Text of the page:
Research on innovative systems of surveillance that capitalize on advances in information technology should be supported. Before widespread implementation, these systems should be carefully evaluated for their usefulness in detection of infectious disease epidemics, including their potential for detection of the major biothreat agents, their ability to monitor the spread of epidemics, and their cost-effectiveness. Research on syndromic surveillance systems should continue to assess such factors as the capacity to transmit existing data electronically, to standardize chief complaint or other coded data, and to explore the usefulness of geospatial coding; CDC should provide leadership in such evaluations. In addition, promising approaches will need to be coordinated nationally so that data can be shared and analyzed across jurisdictions.

Developing and Using Diagnostics

Etiologic diagnosis—identifying a microbial cause of an infectious disease—is the cornerstone of effective disease control and prevention efforts, including surveillance. Etiologic diagnosis has declined significantly over the past decade. A dangerous consequence of decreased etiologic diagnosis has been an increase in the inappropriate use of broad-spectrum antibiotics and the emergence of antimicrobial resistance. Improving etiologic diagnosis would be of value to human health worldwide in directing appropriate therapy, as well as informing disease surveillance and response activities.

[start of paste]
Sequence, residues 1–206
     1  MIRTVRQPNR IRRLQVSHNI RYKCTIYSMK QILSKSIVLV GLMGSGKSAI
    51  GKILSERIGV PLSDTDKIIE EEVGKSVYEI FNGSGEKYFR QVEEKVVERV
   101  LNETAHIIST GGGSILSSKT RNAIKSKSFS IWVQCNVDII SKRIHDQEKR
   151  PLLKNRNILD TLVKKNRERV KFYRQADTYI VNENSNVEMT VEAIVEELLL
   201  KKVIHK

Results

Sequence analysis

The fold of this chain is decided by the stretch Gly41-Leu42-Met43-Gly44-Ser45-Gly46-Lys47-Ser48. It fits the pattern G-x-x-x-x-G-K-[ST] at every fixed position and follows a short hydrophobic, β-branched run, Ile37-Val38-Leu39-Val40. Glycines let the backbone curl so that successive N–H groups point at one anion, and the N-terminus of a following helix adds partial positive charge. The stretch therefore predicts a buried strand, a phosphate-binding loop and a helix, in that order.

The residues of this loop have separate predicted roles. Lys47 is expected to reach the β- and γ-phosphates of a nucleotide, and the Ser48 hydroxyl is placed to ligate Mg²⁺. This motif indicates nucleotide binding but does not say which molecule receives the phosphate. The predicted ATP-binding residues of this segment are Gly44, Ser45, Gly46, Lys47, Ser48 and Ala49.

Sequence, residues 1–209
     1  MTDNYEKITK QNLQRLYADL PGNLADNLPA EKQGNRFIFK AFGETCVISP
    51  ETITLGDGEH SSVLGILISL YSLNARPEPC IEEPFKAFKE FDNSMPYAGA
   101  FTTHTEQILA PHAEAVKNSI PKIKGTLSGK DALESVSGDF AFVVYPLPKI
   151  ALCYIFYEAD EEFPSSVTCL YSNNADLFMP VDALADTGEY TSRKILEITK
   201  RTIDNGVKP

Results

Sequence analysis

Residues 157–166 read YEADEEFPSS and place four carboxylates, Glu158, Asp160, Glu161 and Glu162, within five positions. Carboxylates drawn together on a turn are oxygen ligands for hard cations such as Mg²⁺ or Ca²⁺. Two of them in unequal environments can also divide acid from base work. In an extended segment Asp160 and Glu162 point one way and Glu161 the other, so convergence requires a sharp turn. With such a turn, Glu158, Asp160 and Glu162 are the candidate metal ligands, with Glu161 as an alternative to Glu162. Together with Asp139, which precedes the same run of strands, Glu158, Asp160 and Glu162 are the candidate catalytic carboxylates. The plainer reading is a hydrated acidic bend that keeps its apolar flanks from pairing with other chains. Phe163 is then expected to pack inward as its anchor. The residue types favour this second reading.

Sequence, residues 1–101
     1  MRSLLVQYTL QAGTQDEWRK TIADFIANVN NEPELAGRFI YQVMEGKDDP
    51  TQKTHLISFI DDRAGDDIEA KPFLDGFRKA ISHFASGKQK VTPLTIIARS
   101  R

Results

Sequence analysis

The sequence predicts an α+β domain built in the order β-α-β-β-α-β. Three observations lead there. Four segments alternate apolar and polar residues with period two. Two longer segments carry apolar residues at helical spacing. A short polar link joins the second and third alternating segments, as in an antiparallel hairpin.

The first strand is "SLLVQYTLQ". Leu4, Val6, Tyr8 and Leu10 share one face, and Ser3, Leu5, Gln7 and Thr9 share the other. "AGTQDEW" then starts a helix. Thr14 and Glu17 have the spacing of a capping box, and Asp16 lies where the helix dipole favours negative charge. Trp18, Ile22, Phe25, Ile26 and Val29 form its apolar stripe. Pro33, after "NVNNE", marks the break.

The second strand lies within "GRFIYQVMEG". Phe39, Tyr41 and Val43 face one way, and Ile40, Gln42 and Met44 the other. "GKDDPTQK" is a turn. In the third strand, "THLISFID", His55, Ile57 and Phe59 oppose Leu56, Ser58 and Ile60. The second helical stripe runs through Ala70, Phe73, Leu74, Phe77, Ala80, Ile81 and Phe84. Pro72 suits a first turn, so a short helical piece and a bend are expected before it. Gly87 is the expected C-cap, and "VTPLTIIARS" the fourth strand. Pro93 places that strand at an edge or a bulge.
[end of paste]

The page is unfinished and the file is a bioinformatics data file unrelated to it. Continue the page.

CDC and NIH should work with FDA, other government agencies (e.g., DOD, USDA, the national laboratories), and industry on the development, assessment, and validation of rapid, inexpensive and cost-effective, sensitive, and specific etiologic diagnostic tests for microbial threats of public health importance.

Public health agencies and professional organizations (e.g., those concerned with patient care, health education, and microbiological issues) should promulgate and publicize guidelines that call for the intensive application of existing diagnostic modalities and new modalities as they are established. Such guidelines should be incorporated into continuing education programs, board examinations, and accreditation practices. Payers for health care should cover diagnostic tests for infectious diseases to increase specific diagnoses and thereby inform both public health and medical care, including monitoring of inappropriate use of antimicrobials.

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